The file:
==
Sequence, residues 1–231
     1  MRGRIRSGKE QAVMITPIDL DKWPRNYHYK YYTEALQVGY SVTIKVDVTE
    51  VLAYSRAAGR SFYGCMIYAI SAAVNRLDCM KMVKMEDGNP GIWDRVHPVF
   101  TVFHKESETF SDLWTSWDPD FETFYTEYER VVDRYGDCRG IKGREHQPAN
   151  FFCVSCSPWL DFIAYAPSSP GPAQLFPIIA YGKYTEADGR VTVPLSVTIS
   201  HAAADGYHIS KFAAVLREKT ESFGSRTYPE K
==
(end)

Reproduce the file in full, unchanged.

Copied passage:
Sequence, residues 1–231
     1  MRGRIRSGKE QAVMITPIDL DKWPRNYHYK YYTEALQVGY SVTIKVDVTE
    51  VLAYSRAAGR SFYGCMIYAI SAAVNRLDCM KMVKMEDGNP GIWDRVHPVF
   101  TVFHKESETF SDLWTSWDPD FETFYTEYER VVDRYGDCRG IKGREHQPAN
   151  FFCVSCSPWL DFIAYAPSSP GPAQLFPIIA YGKYTEADGR VTVPLSVTIS
   201  HAAADGYHIS KFAAVLREKT ESFGSRTYPE K